Friday, April 21, 2006

Latest phones inform on groceries

Latest phones inform on groceries: "Latest phones inform on groceries"

the near future, Taiwanese consumers will be able to use their camera phones to give the tomatoes being sold in grocery stores a background check.
All they have to do is take a snapshot of the matrix-type Quick Response Code glued to the veggie, and the tomato's history - from the day it was planted and the way it was cultivated to the day it was picked and delivered to the store - would be displayed on their handset screen.
Those who want more information about those tomatoes only need to click on one button, and they will automatically be directed to the tomato farmer's mobile Web site.
"This is already happening in Japan where the QR Code is widely used," said Jan Nilsson, president of Far EasTone. "We hope the QR Code will be just as broadly used here."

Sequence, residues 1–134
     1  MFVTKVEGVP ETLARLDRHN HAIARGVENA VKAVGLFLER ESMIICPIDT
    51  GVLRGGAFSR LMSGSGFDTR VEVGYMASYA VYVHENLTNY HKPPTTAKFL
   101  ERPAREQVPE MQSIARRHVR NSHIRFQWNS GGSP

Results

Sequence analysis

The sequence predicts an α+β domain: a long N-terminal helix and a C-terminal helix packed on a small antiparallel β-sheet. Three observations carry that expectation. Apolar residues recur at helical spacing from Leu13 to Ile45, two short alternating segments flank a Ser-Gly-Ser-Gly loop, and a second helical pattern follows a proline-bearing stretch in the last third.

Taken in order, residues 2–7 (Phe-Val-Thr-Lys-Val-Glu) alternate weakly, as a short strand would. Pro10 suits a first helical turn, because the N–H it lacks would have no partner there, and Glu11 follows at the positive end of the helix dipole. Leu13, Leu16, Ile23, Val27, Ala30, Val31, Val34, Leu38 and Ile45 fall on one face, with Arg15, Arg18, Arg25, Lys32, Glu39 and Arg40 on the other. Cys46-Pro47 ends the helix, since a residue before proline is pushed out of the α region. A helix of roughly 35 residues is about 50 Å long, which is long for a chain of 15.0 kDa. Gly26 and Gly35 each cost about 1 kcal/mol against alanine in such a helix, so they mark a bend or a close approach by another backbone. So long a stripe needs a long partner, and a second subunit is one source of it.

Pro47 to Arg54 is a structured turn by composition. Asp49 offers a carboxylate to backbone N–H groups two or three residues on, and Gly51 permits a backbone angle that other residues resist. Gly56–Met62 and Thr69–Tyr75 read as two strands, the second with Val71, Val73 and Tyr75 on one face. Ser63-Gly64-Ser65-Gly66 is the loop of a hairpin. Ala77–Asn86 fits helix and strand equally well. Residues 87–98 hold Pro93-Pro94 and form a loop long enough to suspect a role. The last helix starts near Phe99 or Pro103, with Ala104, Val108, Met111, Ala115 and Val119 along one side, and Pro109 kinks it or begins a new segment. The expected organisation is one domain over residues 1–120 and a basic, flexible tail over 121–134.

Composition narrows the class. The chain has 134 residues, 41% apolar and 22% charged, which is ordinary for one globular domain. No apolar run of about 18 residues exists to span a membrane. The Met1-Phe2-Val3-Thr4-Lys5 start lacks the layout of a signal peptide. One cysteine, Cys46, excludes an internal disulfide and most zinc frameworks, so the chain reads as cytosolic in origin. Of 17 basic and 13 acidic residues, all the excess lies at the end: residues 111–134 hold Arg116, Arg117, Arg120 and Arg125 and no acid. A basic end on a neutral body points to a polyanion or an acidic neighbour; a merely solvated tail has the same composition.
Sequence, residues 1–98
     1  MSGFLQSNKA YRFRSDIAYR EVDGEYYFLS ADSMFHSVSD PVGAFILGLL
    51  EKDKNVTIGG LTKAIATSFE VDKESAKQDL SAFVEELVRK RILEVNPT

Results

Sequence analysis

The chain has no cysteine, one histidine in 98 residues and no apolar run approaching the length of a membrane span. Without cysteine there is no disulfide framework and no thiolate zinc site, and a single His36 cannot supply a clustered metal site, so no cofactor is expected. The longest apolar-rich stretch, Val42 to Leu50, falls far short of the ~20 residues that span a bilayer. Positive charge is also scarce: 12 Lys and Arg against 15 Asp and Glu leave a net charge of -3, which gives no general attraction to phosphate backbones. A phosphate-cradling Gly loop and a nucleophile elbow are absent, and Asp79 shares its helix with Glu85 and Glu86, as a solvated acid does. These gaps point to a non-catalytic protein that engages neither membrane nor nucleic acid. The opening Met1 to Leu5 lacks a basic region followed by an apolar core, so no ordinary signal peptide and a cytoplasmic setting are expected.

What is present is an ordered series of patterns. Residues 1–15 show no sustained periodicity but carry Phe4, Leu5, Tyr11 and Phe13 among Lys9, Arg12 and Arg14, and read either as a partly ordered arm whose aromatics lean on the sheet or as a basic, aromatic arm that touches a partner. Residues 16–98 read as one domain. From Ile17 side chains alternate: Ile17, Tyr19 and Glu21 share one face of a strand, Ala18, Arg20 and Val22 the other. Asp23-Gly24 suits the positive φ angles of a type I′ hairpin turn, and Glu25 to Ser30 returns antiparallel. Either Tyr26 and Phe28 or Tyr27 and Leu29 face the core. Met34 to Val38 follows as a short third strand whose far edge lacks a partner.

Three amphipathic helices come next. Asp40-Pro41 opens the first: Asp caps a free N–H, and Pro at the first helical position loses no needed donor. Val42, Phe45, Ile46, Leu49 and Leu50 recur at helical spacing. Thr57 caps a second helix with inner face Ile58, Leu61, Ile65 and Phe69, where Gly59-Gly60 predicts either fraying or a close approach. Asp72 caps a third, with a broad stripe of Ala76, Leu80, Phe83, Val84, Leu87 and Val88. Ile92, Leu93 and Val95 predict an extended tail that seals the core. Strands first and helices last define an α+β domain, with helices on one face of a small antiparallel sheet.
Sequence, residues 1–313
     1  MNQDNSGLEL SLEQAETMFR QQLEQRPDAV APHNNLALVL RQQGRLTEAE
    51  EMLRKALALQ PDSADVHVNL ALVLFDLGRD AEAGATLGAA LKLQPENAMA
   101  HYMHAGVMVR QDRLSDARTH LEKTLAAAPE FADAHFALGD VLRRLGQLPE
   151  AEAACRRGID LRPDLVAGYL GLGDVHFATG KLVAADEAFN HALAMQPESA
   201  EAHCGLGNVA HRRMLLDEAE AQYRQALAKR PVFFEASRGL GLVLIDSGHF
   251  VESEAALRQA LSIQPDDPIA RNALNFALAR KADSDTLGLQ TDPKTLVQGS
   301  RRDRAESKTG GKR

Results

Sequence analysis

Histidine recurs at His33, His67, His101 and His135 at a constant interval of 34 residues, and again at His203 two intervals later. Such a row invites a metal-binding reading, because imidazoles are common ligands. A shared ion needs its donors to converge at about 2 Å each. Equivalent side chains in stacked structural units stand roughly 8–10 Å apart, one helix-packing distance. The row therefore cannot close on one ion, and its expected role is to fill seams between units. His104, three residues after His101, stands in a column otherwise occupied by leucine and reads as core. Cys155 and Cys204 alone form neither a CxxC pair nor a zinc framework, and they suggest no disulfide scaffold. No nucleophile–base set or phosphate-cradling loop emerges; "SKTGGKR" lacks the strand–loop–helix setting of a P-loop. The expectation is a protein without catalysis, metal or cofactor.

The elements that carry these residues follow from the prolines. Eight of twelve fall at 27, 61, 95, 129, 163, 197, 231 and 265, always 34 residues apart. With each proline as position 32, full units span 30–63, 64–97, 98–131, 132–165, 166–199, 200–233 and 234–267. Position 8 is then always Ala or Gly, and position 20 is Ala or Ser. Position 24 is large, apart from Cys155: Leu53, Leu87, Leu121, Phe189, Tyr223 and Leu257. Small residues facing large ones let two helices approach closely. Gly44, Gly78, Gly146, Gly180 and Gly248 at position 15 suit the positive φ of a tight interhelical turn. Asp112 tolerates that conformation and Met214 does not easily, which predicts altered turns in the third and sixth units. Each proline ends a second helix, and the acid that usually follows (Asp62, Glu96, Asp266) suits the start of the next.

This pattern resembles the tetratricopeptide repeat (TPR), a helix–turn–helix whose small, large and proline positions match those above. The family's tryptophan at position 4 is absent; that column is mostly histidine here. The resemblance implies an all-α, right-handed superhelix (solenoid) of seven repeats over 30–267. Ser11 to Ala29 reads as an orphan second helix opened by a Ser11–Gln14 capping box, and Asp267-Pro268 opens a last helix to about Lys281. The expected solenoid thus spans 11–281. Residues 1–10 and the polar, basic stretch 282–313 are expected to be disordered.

Measuring about a couple of centimeters square, the QR Code is, in several ways, more superior than the conventional barcode. Unlike the barcode which can only store a small amount of data, the two-dimensional QR Code can store up to 4,296 characters, is equipped with an encryption and security code, is capable of 360-degree scanning, and facilitates one-click access to wireless Internet, said Nilsson.
Hoping to give its wireless services a boost, mobile telecom operator FET yesterday unveiled its first QR Code-enabled handset, the Sharp WX-T91. Users could use their Sharp phones to scan the QR Code provided in the FET wireless Internet service guide and quickly load the Web pages that they wanted. In addition to the Sharp handset, FET will also be introducing i-mode QR Code-enabled mobile phones in the third quarter of this year, the mobile operator said.


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